The Invisible Ray, Universal, 1936, Bela Lugosi, Boris Karloff, Frances Drake, Frank Lawton. Directed by Lambert Hillyer. 3 stars - One of the classic 1930s Universal pairings of Karloff and Lugosi. A trailer is here.

This film is unique in that it is a science fiction film, rather than a horror film. Karloff and Lugosi are scientists who travel to Africa to find "Radium X," who Karloff has proven crashed into earth millions of years ago. 

"Radium X" is discovered, but contact with it turns Karloff radioactive, and deadly to the touch. Lugosi prepares medicine that counters the poison, but when Karloff's wife, (Drake) leaves him for an adventurer, Lawton, Karloff, going slowly insane, shirks the medicine and goes on a killing spree. Violet Kemble Cooper is creepy as Karloff's mother. 

Easy to buy and usually on TCM once a year.

-- Doug Gibson

Tuesday, August 3, 2021

The 'Gruesome Twosome' is HGL grindhouse fare!


By Steve D. Stones

This 1967 Herschell Gordon Lewis feature has the unique distinction of having one of the most bizarre openings in low-budget horror cinema history. After editing, the film was short in length. As filler, Lewis added two wig blocks with construction paper faces talking to each other during the opening. One of the wig blocks is stabbed as blood gushes out everywhere. Even after inserting this opening sequence, the film only runs 72 minutes.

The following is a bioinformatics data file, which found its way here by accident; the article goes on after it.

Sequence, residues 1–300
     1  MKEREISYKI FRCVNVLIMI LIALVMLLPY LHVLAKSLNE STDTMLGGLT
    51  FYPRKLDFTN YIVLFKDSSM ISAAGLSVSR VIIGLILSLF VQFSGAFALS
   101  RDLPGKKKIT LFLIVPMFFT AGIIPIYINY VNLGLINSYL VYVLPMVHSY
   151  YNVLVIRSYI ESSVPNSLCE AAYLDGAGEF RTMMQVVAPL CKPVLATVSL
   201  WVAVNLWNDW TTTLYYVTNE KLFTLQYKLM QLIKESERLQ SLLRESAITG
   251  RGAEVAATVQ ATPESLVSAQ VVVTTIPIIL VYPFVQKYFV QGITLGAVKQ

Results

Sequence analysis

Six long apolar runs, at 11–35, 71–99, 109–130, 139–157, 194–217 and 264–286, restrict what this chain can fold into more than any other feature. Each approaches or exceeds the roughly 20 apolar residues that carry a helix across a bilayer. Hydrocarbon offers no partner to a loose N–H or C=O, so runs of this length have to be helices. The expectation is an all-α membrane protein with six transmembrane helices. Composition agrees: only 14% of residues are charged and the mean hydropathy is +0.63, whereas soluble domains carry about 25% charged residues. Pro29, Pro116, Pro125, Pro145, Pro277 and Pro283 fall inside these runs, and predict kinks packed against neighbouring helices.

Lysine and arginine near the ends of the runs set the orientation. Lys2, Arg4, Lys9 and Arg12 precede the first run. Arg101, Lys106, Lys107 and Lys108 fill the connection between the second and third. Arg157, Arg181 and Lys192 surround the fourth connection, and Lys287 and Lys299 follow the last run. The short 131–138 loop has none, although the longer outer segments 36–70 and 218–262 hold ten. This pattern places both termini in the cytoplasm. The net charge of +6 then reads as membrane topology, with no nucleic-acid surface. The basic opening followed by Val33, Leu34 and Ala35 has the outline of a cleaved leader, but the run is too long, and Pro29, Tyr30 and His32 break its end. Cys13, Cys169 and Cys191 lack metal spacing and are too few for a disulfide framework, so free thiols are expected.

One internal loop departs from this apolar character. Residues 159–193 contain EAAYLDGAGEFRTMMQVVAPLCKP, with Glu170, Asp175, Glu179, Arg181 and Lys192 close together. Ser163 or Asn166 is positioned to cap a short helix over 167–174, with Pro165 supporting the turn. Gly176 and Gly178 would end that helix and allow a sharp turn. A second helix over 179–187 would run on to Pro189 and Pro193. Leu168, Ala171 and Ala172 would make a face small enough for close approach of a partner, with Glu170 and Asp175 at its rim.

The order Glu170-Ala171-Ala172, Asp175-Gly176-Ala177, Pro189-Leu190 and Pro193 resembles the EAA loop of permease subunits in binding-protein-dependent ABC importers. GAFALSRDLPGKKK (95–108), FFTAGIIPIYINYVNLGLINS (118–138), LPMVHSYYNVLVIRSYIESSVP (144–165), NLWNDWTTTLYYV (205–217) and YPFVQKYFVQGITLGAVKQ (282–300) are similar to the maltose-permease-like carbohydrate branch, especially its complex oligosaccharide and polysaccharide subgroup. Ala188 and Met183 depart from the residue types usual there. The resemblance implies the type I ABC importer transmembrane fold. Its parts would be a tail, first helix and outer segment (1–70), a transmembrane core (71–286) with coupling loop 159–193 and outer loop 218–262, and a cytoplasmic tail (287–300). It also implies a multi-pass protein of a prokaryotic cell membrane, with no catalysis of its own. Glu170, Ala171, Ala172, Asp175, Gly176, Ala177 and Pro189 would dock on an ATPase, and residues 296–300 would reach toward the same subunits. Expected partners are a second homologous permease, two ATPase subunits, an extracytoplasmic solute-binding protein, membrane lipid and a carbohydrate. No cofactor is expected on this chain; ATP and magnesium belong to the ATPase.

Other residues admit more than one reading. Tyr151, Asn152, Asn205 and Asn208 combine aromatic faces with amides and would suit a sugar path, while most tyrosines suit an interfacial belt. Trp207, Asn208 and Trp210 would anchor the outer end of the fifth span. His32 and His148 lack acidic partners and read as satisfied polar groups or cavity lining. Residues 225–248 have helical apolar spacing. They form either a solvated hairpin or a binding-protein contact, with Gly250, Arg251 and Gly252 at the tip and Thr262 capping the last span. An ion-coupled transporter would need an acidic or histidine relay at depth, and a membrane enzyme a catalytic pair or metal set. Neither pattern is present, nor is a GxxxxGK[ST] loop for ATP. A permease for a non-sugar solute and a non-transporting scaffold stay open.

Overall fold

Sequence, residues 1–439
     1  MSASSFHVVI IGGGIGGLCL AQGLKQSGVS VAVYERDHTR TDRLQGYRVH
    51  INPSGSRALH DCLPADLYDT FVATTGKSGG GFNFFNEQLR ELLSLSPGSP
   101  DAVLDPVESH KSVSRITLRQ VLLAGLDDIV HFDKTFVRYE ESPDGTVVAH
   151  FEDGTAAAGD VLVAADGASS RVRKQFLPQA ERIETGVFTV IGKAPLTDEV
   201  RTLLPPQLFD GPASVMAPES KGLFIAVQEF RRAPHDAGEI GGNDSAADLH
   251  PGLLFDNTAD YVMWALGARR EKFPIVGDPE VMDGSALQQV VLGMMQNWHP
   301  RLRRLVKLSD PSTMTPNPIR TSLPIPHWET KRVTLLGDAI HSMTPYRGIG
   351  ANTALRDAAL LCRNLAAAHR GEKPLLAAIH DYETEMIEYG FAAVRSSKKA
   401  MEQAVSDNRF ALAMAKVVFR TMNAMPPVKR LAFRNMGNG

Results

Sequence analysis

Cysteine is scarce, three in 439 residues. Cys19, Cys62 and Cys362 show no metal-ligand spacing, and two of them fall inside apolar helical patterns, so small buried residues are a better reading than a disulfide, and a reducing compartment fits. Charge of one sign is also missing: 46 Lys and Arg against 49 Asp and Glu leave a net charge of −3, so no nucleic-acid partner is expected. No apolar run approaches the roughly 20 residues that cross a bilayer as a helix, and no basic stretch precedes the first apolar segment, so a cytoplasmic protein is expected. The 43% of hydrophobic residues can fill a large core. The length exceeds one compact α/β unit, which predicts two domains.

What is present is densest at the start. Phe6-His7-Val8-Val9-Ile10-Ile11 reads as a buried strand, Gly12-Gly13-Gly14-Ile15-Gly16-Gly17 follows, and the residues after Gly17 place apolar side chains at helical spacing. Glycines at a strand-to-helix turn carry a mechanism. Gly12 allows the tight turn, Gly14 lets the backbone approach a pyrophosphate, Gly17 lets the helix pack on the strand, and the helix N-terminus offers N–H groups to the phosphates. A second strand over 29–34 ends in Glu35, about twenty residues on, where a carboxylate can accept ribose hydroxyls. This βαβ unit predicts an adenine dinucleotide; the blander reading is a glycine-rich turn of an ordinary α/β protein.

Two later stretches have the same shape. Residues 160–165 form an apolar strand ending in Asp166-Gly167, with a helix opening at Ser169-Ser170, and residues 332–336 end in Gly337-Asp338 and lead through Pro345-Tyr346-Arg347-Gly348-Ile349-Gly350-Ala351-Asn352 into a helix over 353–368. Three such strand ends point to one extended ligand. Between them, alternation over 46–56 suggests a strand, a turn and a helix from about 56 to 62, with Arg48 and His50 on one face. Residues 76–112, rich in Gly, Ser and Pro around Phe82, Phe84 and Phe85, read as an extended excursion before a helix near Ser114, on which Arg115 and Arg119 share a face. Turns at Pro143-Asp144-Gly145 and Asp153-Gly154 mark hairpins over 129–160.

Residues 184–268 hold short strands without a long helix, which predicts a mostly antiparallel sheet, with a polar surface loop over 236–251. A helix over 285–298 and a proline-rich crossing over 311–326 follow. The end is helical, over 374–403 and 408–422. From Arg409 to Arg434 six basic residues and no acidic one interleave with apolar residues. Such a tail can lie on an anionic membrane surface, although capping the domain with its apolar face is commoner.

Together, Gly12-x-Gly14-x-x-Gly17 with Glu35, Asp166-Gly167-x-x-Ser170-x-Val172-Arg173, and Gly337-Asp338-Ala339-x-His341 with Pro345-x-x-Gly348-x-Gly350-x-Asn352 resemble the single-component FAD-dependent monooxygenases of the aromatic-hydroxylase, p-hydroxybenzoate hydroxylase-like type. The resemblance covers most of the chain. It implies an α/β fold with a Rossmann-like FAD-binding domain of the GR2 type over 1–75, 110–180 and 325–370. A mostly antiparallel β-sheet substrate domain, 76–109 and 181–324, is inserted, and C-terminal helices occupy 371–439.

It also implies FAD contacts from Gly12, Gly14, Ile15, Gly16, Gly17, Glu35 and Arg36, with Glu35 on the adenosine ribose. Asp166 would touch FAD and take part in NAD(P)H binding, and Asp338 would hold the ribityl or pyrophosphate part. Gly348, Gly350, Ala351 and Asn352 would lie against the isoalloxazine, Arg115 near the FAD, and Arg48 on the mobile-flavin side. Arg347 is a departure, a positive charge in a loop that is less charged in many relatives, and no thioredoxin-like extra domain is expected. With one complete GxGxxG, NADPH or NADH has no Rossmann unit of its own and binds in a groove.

Crazy Mrs. Pringle and her mentally challenged son Rodney run a wig shop near a Florida college campus. The wigs are advertised as 100 percent real human hair. The shop also rents vacant rooms to college co-eds. The renting of rooms is only a disguise for Pringle to lure young women to the shop so Rodney can scalp and murder them. Pringle often talks to her stuffed cat named Napoleon, adding to her craziness. \

A college girl arrives at Pringle’s wig shop to inquire about a room for rent. She is lured into a back room to be scalped by Rodney. The girl’s friend, Kathy Baker, investigates to try and find the murdered girl. During her investigation, other girls are scalped and murdered. Kathy follows a janitor home who buries bones in his backyard from a campus garbage can. She suspects he has something to do with the murders, but discovers the bones are for his dog.

A number of scenes pad out the length of the film with shots that last too long and don’t tribute to the plot of the film. An unrelated sequence of spectators watching a car race is one example. Another example is a scene of college girls in their dorm room dancing on beds in pajamas and see-through nighties while eating Kentucky Fried Chicken — an attempt at product placement. Colonel Sanders would make an appearance in Lewis’ next film — Blast Off Girls (1967).

The police eventually catch up to Mrs. Pringle and Rodney, and arrest them both. A trailer for the film shows Pringle hamming it up for the camera as the police carry her away in handcuffs.

Director Lewis often combined dark humor and horror in an attempt to make gore and over-the-top violence look silly and unsophisticated. His early “Blood Trilogy” films — Blood Feast (1963), Two Thousand Maniacs (1964) and Color Me Blood Red (1965) are all good examples of this. Too extreme for most mainstream theatres, these films played on 42nd street grindhouses in New York in the late 1960s and early 1970s. Blood Feast changed motion picture history forever as being the first film to introduce extreme violence and gore to the movie screen. Anyone with a weak stomach is not encouraged to view these films. See them at your own risk.

Happy viewing